Why do work injuries go unreported
When an employee is injured at work, they should report to the employer. This ensures they receive just compensation to cover medical costs, lost wages and other damages. However, a significant percentage of work-related injuries go unreported.
Below are three reasons this happens:
Fear is a broad subject concerning reporting work injuries. An employee may fail to report because they fear fighting with their employer should they refuse to take their case seriously, retaliation against them, being viewed as unreliable/incompetent, being asked to go through numerous medical tests, and so on.
However, if you are injured, you should report as the law protects you from most of these fears. Besides, not reporting or getting the help you need may lead to other fears, such as being unable to perform as before. Thus, even though it can be challenging, keep your head high and report it.
Injuries are “part of the job”
The mentality of “it’s part of the job” is responsible for serious injuries that could have been avoided if they were treated sooner. Just because many people in an occupation have suffered a particular injury does not make it normal. Employers should observe certain measures to prevent such injuries.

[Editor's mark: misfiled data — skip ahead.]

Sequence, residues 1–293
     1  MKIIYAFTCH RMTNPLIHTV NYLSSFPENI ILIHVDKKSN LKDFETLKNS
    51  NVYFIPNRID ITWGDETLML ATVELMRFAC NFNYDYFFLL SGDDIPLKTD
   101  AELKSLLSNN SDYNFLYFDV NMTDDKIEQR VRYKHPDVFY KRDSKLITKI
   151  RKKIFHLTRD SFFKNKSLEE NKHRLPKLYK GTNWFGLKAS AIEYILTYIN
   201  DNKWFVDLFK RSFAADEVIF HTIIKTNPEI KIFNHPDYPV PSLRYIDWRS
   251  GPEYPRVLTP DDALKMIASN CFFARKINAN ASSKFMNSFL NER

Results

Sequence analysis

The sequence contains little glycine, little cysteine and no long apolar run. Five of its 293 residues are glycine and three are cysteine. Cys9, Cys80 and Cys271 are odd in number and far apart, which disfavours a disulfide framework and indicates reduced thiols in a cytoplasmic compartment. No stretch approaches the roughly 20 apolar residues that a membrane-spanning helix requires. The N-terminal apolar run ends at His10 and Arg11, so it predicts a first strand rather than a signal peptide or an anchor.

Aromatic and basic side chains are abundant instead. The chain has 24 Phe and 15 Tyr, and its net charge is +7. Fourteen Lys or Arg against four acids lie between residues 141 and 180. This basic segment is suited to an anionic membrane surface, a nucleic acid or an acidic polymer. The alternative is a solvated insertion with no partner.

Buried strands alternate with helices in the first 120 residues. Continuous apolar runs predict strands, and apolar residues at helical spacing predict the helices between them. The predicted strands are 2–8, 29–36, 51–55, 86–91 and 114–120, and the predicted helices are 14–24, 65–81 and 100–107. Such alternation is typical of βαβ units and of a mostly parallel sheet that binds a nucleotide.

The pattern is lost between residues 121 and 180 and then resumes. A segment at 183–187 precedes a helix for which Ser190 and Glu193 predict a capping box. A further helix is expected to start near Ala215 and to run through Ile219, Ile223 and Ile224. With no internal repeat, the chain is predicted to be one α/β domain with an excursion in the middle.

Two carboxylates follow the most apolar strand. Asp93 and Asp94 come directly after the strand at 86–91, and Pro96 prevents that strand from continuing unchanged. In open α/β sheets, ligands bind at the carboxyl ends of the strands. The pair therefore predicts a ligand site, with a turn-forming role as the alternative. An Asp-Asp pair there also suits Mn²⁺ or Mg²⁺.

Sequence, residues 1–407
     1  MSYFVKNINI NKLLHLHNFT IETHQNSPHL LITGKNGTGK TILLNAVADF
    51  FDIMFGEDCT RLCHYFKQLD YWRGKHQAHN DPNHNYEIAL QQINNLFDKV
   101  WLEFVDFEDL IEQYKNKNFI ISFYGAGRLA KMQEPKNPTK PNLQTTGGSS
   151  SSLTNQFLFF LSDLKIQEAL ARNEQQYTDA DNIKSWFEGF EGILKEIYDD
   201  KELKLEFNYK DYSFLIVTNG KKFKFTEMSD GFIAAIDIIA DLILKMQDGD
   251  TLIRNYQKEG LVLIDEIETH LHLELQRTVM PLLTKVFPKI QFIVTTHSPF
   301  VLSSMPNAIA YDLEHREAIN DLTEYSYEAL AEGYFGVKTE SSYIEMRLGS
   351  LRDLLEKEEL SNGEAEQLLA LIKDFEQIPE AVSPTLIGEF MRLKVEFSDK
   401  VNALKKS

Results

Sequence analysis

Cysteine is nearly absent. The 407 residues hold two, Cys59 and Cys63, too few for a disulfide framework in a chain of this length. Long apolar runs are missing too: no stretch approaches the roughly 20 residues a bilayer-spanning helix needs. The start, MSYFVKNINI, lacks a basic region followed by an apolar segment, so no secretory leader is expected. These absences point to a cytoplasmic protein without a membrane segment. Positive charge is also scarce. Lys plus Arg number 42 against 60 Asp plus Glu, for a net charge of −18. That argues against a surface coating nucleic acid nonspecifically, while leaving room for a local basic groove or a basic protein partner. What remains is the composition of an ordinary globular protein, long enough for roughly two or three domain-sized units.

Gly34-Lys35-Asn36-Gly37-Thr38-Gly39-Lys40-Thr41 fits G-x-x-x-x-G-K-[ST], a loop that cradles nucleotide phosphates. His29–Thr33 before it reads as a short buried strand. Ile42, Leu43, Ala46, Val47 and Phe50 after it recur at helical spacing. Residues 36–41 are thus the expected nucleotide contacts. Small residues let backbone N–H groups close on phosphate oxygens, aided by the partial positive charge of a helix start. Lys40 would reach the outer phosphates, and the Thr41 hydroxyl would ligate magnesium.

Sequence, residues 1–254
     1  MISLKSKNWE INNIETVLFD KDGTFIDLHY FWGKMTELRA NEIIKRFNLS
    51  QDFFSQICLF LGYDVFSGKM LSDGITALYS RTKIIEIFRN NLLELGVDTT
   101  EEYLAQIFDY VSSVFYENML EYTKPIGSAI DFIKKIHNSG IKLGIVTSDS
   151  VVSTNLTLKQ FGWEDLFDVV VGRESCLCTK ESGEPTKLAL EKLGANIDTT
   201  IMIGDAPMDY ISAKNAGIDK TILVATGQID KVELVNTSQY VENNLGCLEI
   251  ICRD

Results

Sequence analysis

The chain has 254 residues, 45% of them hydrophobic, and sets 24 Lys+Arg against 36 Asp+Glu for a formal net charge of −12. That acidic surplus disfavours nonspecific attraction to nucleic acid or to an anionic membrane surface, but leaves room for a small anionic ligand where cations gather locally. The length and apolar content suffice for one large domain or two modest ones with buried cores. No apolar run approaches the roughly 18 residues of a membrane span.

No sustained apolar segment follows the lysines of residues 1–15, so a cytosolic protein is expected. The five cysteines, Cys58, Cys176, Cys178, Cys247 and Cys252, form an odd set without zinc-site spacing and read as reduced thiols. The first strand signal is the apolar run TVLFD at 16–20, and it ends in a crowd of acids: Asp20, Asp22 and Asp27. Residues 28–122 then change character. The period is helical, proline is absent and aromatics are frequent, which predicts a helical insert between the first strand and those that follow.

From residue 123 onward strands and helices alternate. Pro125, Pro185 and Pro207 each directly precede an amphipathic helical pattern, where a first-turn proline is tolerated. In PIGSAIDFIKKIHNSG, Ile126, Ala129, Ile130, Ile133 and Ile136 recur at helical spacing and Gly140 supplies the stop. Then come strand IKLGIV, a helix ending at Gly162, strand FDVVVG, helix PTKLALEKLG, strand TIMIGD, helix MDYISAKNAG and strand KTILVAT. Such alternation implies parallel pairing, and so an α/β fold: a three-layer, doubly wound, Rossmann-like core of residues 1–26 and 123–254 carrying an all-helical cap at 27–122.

Unaware of the protection they have
Some employees fail to report injuries because they don’t know if they should. They may believe being injured is their responsibility and should personally get the help they need. But this is not true. The law substantially protects you. If you are injured while in the line of duty, your employer may be liable.
These three factors cause many employees not to report injuries. If you are injured at work, you should learn more about your case and how you can get workers’ compensation benefits.